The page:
Later when we see the title of the song in the credits, there is an apathetic irony that adds more depth to Ben's almost random sequence. The song is titled “Anthem For The Already Defeated,” which Ben would have known since he sings along. So while Ben and Mickey both use music as a form of escape we also see how the two characters vastly differ in their perception of the crumbling world.

The Battery may not be a film ripe for mass consumption, but most early zombie films were not either. With films like Zombieland, Shaun Of The Dead, and Warm Bodies the sub-genre has changed. These zombie-comedies have made it okay for everyone to get into the undead. Along with The Walking Dead they have helped to create a culture where asking, “What would you do when the zombie apocalypse happens?” does not instantly make you a geek. World War Z will be the plateau and possibly the beginning of the sub-genre's demise – at least for this current cycle. Jeremy Gardner's experiment in micro-budget filmmaking pays off and leaves the big budget genre films grasping for an artistic vision that only independent features can embody.

As a sidenote: this review was conceived prior to the release of World War Z. If the blockbuster hopeful is of any worth we will eat our words and retract some of our previous statements.




Stream selected tracks here or each of the following have a link to itunes/bandcamp

Carrie Teaches Us Menstruation Horror Is No Laughing Matter

Purchase poster at Zazzle

Brian De Palma's Carrie represents a first in menstruation horror.  This packed phrasing simply means Carrie shows the fears of adolescence through the eyes of a sheltered girl on the verge of womanhood.  The opening sequence features Carrie's first period and through extreme repression at home Carrie has no idea what is happening to her.  All the other girls laugh and throw tampons and pads at her.  In her state of frenzy Carrie has smeared her blood everywhere.  Miss Collins, her gym teacher, comforts her while secretly wanting to laugh as well.  In the principle's office she describes the situation to him and when he sees the blood on Miss Collins he recoils.  Carrie's anger and frustration manifests itself through telekinesis.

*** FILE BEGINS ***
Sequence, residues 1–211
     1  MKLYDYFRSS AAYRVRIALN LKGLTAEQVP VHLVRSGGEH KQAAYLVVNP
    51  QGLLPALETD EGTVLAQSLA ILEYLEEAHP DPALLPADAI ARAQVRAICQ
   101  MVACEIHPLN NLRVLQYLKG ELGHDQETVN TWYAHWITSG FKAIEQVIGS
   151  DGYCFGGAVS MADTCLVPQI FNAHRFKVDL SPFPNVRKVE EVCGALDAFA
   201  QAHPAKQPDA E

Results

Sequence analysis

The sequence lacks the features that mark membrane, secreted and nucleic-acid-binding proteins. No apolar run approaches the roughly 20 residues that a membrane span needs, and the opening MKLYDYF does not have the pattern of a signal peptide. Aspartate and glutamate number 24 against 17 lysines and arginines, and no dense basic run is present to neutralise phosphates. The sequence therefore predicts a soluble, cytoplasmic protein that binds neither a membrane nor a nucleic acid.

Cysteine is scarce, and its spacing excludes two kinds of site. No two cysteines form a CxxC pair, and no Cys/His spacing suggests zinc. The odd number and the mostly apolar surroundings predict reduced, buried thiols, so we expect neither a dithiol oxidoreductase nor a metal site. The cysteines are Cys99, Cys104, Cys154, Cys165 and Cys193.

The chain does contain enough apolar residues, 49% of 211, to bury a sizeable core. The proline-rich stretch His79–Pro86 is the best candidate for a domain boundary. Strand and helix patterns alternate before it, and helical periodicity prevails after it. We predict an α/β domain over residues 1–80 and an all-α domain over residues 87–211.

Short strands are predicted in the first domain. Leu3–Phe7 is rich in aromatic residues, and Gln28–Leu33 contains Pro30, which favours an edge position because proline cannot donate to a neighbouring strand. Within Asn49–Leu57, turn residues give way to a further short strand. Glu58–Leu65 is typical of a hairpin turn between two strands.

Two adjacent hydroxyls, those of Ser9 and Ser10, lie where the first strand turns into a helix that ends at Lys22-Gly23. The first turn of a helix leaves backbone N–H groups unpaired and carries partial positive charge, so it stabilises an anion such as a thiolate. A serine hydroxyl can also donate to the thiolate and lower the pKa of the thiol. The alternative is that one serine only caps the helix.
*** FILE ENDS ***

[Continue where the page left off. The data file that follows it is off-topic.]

One could argue that her ability develops out of repression. Without a healthy outlet for her feelings or knowledge of her body, everything bottles up inside until her ability forces its way out.  Carrie's mother is a religious zealot and believes her daughter's bleeding has arrived due to sinful thoughts.  She locks Carrie in the pantry to pray, instead of telling her about puberty.  It's only after Carrie's mind rebels and lashes out that her mother explains adolescence.  Puberty and rebellion go hand in hand. However, in Carrie's case both are made more extreme by the oppression and suffering she's had to endure.

Sue Snell's motives are never made clear. She feels bad for the taunting, and out of guilt she would like to help Carrie fit in.  This altruistic guilt may be true.  An early encounter with Ms. White at the Snell house tells us that Sue is aware of the insanity that has raised Carrie.  Sue's plan is to get Carrie to go to the prom with her own boyfriend, so she can experience at least one night of high school normalcy.  Unfortunately another plan is underway to embarrass Carrie in front of the entire school.  When both plans merge, Carrie hits her breaking point.

The insanity of her mother, her repressed adolescence, and the presence of her first telekinetic catalyst (blood) sets off a chain reaction that destroys the school and everyone inside.  At home, Ms. White has decided to kill the demon she believes her daughter has become.  Through another biblical rant about sin, she offers a convoluted admission of guilt for creating Carrie.  Ms. White believes Carrie is a monster or the devil because she herself gave into sin. Unfortunately she dies believing this rather than the truth...Carrie is "the devil" because a religious lunatic raised her.  

De Palma created the film with an oneric quality. The images are a bit washed out, and everything looks a little too bright overall.  That is until we see Carrie's home. Here, everything is dim and full of contrast, as if to juxtapose the life Carrie could have had with the one she is doomed to suffer.  De Palma gives us glimpses of Carrie's power to provide a slow build. When she unleashes her wrath, he uses a fast paced editing style along with split screens and lens filters.  De Palma knows how to use split screen effectively; this came from trial and error during the production of his masterpiece Phantom Of The Paradise.  Overall, Carrie will stand the test of time, and with an inferior sequel and made-for-TV remake, it has proven to be a timeless story of female adolescence and repression.

We look forward to Chloe Grace Moretz as Carrie this year, and while she's a great young actress, can she fill the homemade prom dress Sissy Spacek wore so perfectly?